Donna Strickland is a Canadian optical physicist who is considered a pioneer in the field of pulsed lasers. In recognition of her research on the practical implementation of chirped pulse amplification, she was jointly awarded the Nobel Prize in Physics in 2018, together with Gérard Mourou. She is currently a professor at the University of Waterloo in Ontario, Canada.
Harvard Law School professor Lawrence Lessig established Creative Commons, a non-profit geared at reducing copyright restrictions, thus helping artists and creative professional share their works legally. A Democrat, he also co-founded Rootstrikers, aimed at combating corruption in Congress. He is also a TED speaker and has penned books such as Lesterland.
Experimental physicist and Nobel laureate Luis Walter Alvarez is best remembered for inventing the liquid hydrogen bubble chamber, which enabled the discovery of countless short-lived resonance particles. The University of California, Berkeley professor and MIT scientist had also been part of the development of the atomic bomb.
The pioneer of modern geology, James Hutton laid down the principle of uniformitarianism in geology. While he was initially interested in chemistry, he had later also studied law and had then moved on to medicine. His iconic Theory of the Earth explained the science behind rock formations.
French physicist Charles Augustin De Coulomb, remembered for laying down the Coulomb’s law, had previously been a military engineer in the West Indies. At the onset of the French Revolution, Coulomb, struggling with failing health, devoted himself to research. The unit of electric charge, coulomb, was named after him.
The first British person to fly into space, Helen Sharman also became the first female astronaut to visit the Mir space station. She was selected from over 13,000 applicants to be part of the Project Juno program. She was also as a chemist for the chocolate manufacturer Mars.
Barbara McClintock was a scientist and cytogeneticist who received the 1983 Nobel Prize in Physiology or Medicine. She earned her Ph.D. in botany from Cornell University and began her lifelong work in the development of maize cytogenetics. She eventually gained recognition as among the best in the field and was honored with several prestigious awards.
Apart from teaching at Harvard, theoretical physicist Lisa Randall has also held professorships at MIT and Princeton. She has also written several popular books, such as Warped Passages and Knocking on Heaven’s Door. One of Time’s 100 Most Influential People of 2007, she has also written a libretto for an opera.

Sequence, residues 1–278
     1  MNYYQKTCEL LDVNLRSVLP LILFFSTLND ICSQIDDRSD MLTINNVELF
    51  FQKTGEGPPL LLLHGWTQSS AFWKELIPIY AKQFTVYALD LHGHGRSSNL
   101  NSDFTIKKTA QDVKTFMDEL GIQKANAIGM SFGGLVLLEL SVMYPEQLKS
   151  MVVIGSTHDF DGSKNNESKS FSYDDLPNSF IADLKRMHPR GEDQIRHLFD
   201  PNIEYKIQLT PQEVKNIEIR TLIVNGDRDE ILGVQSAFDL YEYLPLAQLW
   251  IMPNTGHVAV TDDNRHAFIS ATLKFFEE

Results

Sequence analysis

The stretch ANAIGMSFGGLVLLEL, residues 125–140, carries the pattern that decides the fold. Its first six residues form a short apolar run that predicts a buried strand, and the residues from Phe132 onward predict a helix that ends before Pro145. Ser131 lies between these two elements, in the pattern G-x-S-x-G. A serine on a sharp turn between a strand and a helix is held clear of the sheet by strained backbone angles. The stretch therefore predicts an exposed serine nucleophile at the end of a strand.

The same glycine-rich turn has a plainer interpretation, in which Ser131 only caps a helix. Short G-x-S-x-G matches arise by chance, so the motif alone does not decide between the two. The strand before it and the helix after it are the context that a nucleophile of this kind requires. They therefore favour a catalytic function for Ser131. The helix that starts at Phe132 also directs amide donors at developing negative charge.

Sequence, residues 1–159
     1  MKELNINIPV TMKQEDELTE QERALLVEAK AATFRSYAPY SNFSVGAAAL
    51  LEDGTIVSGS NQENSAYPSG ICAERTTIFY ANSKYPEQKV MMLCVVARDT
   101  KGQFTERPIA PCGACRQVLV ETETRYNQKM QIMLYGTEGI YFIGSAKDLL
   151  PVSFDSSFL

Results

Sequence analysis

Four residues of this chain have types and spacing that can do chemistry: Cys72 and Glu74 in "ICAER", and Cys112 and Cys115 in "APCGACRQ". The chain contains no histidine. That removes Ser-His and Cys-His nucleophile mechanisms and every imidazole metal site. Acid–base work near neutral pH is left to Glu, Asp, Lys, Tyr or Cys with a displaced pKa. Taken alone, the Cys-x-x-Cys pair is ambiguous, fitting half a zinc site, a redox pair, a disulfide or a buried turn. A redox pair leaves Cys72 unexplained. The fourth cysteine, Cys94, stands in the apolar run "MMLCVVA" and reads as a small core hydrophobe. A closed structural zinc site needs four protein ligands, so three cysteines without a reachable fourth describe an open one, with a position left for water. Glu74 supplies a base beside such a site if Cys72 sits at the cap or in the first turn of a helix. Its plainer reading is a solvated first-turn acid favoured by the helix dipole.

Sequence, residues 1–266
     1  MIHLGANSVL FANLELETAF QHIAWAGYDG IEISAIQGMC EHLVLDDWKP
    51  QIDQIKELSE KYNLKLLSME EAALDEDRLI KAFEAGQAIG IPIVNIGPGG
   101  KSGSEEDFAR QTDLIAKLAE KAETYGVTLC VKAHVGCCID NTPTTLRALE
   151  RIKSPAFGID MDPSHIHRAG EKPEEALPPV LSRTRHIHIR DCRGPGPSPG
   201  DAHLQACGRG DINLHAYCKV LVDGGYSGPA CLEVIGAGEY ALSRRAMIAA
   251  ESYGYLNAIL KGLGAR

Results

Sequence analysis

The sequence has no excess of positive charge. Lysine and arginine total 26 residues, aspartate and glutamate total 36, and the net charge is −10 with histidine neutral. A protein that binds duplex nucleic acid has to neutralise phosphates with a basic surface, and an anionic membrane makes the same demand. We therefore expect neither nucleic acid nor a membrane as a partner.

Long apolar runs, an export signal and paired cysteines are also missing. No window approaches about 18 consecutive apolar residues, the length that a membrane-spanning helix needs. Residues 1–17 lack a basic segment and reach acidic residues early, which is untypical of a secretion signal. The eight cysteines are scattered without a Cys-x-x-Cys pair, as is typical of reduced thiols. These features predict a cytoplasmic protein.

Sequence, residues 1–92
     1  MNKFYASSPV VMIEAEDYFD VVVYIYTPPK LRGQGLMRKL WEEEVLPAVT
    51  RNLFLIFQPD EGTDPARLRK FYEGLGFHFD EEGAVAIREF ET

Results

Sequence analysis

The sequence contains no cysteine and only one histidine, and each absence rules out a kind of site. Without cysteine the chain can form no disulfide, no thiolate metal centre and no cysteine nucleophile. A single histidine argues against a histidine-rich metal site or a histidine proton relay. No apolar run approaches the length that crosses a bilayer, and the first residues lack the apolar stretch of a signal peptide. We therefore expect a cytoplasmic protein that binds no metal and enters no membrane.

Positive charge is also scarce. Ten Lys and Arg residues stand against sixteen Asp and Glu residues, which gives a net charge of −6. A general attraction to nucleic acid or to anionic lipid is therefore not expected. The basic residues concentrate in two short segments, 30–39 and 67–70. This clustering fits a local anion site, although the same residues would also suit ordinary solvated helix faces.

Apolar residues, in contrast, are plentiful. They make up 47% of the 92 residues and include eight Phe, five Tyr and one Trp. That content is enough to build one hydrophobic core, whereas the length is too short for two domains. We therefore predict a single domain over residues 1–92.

James Robertson Justice was a British actor best remembered for playing pompous authority figures in comedy films. He achieved popularity after playing Sir Lancelot Spratt in each of the seven movies in the Doctor film series.
Son of French Revolutionary leader and mathematician Lazare Carnot, Sadi Carnot was an engineer in the French army. He later laid down the Carnot cycle of heat engines. Much of his works were buried with him when he died of cholera at 36, due to the contagiousness of the disease.
Known as the Chinese Marie Curie, Chien-Shiung Wu was a Chinese-American physicist who specialized in particle and experimental physics. She is best known for her Wu experiment. A National Medal of Science winner, she was part of the Manhattan Project, too. She taught at various institutes, including Princeton and Columbia.
Nobel Prize-winning Danish nuclear physicist Aage Bohr is best remembered for his work related to the geometry of atomic nuclei. Son of Nobel laureate physicist Niels Bohr, Aage had started his career as an assistant to his father and working on the development of the atomic bomb.
Pieter Zeeman was a Dutch physicist whose discovery of the Zeeman effect earned him the prestigious Nobel Prize in Physics in 1902, which he shared with Hendrik Lorentz. Over the course of his career, Zeeman received several other awards, such as the Matteucci Medal in 1912, Henry Draper Medal in 1921, Rumford Medal in 1922, and Franklin Medal in 1925.
A pioneer of psychedelic drug synthesis, Alexander Shulgin came to be known as The Godfather of Ecstasy, for reinventing the drug MDMA, or ecstasy, for medical use. The Harvard drop-out, who later studied psychiatry and pharmacology, would often experiment his newly invented drugs on himself, his wife, and his friends.
William Crookes was a British chemist and physicist remembered as a pioneer of vacuum tubes. He was the inventor of what became known as the Crookes tube. He is also credited with the discovery of the element thallium. He was the first person to describe the spectrum of terrestrial helium. He was interested in spiritualism and occultism as well.
American-Canadian theoretical physicist Lawrence M. Krauss has taught at institutes such as ASU and Yale and also penned several bestselling books. Known for his research on dark energy and zero-energy states, he was later accused of sexual misconduct and thus lost the directorship of the ASU’s Origins Project.
US meteorologist and mathematician Edward Norton Lorenz is remembered for proposing concepts such as the chaos theory/deterministic chaos and the butterfly effect. He also laid down the Lorenz 96 model. The Kyoto Prize winner was associated with the Massachusetts Institute of Technology throughout his research career.
Clara Immerwahr was a German chemist who became the first German woman to receive a doctorate in chemistry. Apart from being a chemist, Clara Immerwahr was also a pacifist and a women's rights activist. Her work, marriage with the popular chemist Fritz Haber, and her suicide at the age of 44 have inspired films, novels, and TV series.
Dennis Gabor was a Hungarian-British physicist and electrical engineer best remembered for inventing holography. His invention earned him the prestigious Nobel Prize in Physics in 1971. Gabor won several awards during his lifetime. After his demise, many awards are given in his honor. The Dennis Gabor Award and Gabor Medal are some of the awards that are named after him.